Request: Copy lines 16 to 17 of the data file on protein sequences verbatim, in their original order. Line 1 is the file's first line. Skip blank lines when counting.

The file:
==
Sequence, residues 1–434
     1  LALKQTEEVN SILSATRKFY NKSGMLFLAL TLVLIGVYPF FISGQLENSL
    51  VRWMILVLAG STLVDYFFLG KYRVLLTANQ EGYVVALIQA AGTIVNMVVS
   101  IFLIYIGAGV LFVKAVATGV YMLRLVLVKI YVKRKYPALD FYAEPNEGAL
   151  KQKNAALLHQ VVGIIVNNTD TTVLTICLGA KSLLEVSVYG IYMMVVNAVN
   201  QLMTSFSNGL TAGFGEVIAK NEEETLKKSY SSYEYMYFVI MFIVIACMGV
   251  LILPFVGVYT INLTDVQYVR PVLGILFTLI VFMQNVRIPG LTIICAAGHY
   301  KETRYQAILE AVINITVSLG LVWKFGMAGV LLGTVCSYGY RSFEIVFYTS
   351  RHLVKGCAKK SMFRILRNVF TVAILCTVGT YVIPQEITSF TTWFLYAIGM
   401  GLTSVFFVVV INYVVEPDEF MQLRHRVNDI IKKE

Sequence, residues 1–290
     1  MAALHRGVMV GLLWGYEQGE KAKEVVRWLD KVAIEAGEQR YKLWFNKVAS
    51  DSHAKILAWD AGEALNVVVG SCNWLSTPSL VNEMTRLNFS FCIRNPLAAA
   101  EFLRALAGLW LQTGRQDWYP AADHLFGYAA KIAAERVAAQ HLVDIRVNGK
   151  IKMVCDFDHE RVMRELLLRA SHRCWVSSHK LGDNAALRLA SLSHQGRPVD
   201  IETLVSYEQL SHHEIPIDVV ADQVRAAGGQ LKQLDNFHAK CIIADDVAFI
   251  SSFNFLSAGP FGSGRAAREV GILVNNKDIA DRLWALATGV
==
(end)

   201  IETLVSYEQL SHHEIPIDVV ADQVRAAGGQ LKQLDNFHAK CIIADDVAFI
   251  SSFNFLSAGP FGSGRAAREV GILVNNKDIA DRLWALATGV